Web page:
Joe Conzo Jr. clocked his 15 minutes of fame one-sixtieth of a second at a time. As a teenager, his friends in the Cold Crush Brothers invited him to tag along to photograph the pioneering days of hip-hop. His family's connections in community activism and Latin music led him to chronicle the giants of salsa and the South Bronx.
Those thousands of images almost vanished, lost except in the memories of the lucky few who witnessed many of the fabled rap battles that took place at school gymnasiums and neighborhood discos.
But Joe Conzo Jr. a k a Joey Kane, lives on, and his work does, too. His mother, Lorraine Montenegro, saved his negatives when he could barely save himself from drugs. Thanks to her, and some friendships from the days when Puma sneakers were the epitome of street fashion, Mr. Conzo's photographic record of the Bronx in the 1970's and 1980's is now being hailed as a unique contribution to that era's history.
Despite whatever personal crises he was fighting - and despite the devastation that was sweeping over the borough during those years - his photographs exude a tender, almost innocent love for the music and streets of his boyhood. During the days of furry Kangol caps, fat laces and white-gloved b-boys, he was never far, snapping away in the wings while rappers dueled with tongue-twisting rhymes set to dizzying breakbeats.
He was there during protests against the 1981 movie "Fort Apache, the Bronx," catching Paul Newman glaring at him while a production assistant tried to block the shot. And he was there when Latin music greats like Tito Puente and Machito relaxed over drinks at a farewell party for their friend and fellow musician Charlie Palmieri.
"I've been blessed," he said. "I always knew I had a treasure trove of photos. Now I'm being called the first hip-hop photographer. I'm not interested in titles, but yeah, I was there at the beginning."
Mr. Conzo might have been fated to do this. His grandmother was Evelina Antonetty, a legendary activist for better schools and housing who was known as "the Hell Lady of the Bronx." His father - who was divorced from his mother - was such a close friend of Tito Puente's that he came to be considered the leading expert on the man and his music.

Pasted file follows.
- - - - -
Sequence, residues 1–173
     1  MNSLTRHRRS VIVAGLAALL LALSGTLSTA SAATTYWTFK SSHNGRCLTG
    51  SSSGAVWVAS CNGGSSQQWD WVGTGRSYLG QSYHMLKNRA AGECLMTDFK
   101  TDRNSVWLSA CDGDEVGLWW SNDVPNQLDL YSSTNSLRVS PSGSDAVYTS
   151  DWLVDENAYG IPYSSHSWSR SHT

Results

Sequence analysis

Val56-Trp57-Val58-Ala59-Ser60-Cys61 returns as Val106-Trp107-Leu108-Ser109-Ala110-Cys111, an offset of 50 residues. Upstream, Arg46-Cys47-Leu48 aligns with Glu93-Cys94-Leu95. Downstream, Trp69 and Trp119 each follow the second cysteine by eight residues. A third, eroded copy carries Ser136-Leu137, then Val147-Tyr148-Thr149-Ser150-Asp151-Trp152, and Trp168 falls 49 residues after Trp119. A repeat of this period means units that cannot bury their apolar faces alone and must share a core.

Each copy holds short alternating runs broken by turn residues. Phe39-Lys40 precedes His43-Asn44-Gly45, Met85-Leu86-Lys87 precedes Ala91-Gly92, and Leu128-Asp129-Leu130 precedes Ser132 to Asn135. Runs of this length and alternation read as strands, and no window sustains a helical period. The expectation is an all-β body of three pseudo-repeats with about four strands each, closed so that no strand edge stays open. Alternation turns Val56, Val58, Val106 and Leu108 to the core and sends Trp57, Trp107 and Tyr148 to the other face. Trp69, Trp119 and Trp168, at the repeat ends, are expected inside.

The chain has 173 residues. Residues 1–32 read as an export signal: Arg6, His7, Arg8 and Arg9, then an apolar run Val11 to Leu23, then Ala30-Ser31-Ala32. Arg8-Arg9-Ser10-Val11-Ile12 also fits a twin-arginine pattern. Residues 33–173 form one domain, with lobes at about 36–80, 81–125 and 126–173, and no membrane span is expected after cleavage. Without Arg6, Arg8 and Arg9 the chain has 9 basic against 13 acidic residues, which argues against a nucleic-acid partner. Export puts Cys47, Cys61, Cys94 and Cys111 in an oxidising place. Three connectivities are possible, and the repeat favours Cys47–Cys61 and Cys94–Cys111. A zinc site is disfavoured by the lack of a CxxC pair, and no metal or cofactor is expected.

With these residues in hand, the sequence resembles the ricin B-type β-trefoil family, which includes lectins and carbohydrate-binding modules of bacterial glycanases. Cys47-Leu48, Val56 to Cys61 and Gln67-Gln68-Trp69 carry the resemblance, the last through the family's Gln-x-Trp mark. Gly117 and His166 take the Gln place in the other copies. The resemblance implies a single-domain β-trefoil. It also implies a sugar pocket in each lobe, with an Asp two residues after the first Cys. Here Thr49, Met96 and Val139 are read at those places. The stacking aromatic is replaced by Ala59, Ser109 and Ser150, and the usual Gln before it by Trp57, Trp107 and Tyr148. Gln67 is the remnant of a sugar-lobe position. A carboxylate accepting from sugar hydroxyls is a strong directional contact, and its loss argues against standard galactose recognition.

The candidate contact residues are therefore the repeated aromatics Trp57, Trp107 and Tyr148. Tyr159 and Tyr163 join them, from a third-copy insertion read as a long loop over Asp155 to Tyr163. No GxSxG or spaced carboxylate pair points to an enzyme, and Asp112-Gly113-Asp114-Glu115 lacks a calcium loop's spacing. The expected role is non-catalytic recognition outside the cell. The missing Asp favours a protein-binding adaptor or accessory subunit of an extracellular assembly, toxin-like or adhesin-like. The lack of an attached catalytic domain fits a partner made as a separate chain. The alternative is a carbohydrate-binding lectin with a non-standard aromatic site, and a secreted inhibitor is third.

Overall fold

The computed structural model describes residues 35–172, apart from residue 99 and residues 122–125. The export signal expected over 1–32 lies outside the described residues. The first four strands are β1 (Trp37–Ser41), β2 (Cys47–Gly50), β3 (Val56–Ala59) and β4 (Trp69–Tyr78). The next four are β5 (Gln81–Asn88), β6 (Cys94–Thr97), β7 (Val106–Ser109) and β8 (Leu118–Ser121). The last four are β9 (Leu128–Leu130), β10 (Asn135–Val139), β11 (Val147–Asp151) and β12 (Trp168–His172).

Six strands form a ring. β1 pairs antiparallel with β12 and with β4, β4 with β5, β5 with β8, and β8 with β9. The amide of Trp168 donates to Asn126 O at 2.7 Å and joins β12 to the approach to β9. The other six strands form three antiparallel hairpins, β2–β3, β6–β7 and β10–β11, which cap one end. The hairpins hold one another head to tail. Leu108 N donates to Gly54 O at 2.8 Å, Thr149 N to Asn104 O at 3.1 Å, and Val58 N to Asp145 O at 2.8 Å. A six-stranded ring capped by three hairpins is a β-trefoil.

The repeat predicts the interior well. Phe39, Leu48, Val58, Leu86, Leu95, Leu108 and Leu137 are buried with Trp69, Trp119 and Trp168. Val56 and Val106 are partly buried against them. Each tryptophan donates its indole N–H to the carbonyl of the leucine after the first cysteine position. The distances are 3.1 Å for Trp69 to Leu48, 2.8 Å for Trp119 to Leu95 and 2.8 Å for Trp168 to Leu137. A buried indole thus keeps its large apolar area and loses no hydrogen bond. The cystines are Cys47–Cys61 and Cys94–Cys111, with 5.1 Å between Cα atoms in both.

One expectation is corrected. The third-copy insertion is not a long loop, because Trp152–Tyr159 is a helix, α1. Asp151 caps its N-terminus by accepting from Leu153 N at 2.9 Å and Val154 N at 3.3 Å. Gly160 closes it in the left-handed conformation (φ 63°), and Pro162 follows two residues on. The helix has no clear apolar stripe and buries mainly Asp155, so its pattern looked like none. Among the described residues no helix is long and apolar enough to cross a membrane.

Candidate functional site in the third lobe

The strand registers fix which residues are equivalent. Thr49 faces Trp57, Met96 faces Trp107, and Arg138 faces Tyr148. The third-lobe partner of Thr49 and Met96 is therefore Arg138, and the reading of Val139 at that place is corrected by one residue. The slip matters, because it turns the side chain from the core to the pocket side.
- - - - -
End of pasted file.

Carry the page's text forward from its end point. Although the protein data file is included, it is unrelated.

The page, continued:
Mr. Conzo took up photography in elementary school, he said, at the urging of his stepfather, Michael Kane. He found out he had a knack for it. He carried his camera to South Bronx High School, where in 1978 he befriended several members of a rap crew that would become famous as the Cold Crush Brothers.
"I was into disco, I didn't know anything about hip-hop." Mr. Conzo said. "But I was invited to take pictures of the Cold Crush, and one thing led to another. We played the T-Connection, Disco Fever, the Ecstasy Garage, the Hoe Avenue Boys Club, St. Martin's."
That last venue was not the Caribbean island, but a Catholic school gym close to the homes of several members of the group.
"I was part of the group," he said. "The Cold Crush were the first to have a personal photographer. They were the first to have a tape master recording their music at all the shows. They were the first to use fog machines."
Charlie Chase, the group's D.J. (along with Tony Tone), said nobody knew at the time this would make serious money - for other people.
"Joey was a friend who had a camera and took pictures of the good times," he said. "We did this because we wanted to have fun and get girls. But if it wasn't for the pictures, nobody would know we existed. And nobody would believe we did what we did."
Among the photographs Mr. Conzo took were several from the 1981 Harlem World battle against the Fantastic Five, where the Cold Crush Brothers stepped out gangster-style in suits and fedoras, toting plastic guns. To this day, aficionados - including some millionaire rappers who weren't even old enough to stay up for, much less attend, the show - speak in awed tones about the face-off.
Drugs had also been a recreational thing for Mr. Conzo, but by 1984, soon after his grandmother died, they were the only thing. He sold his cameras. His mother saved his negatives.